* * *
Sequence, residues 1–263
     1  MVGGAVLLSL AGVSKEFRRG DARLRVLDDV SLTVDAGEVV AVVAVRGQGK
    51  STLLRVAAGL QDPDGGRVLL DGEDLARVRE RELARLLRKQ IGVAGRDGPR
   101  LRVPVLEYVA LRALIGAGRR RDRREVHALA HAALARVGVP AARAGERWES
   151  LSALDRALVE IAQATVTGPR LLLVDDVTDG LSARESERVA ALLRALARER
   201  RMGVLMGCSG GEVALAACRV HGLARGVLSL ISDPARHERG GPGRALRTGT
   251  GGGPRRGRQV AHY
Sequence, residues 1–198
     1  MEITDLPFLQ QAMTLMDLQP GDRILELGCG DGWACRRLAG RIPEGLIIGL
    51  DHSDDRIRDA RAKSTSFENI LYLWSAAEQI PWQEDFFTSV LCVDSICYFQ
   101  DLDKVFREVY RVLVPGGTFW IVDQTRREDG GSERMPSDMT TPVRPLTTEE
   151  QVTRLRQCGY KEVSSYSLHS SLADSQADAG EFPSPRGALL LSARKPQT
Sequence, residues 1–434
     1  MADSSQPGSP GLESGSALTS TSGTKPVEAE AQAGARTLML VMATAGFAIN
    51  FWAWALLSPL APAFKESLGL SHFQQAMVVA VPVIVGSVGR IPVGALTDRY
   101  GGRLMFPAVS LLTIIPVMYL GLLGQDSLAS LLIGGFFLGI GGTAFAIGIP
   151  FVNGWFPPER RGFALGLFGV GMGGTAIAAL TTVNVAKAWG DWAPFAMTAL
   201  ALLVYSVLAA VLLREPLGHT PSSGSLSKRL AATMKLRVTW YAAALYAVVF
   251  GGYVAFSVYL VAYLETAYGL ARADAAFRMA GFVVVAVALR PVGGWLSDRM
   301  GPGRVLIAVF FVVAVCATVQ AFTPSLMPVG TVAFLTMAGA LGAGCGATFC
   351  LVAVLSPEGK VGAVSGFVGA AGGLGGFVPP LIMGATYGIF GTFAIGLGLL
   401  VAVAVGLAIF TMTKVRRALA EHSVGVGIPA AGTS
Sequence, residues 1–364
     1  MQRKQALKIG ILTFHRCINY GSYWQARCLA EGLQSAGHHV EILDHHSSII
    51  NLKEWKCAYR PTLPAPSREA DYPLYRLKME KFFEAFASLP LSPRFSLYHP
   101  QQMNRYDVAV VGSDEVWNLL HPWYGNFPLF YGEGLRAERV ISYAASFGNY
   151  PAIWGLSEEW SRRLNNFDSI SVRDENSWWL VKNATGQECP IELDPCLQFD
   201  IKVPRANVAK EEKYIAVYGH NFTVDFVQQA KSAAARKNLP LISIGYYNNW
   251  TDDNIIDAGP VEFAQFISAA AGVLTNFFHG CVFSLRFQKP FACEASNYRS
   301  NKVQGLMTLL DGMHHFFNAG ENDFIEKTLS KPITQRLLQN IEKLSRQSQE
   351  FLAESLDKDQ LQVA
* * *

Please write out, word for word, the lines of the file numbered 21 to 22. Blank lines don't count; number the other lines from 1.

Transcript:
   351  LVAVLSPEGK VGAVSGFVGA AGGLGGFVPP LIMGATYGIF GTFAIGLGLL
   401  VAVAVGLAIF TMTKVRRALA EHSVGVGIPA AGTS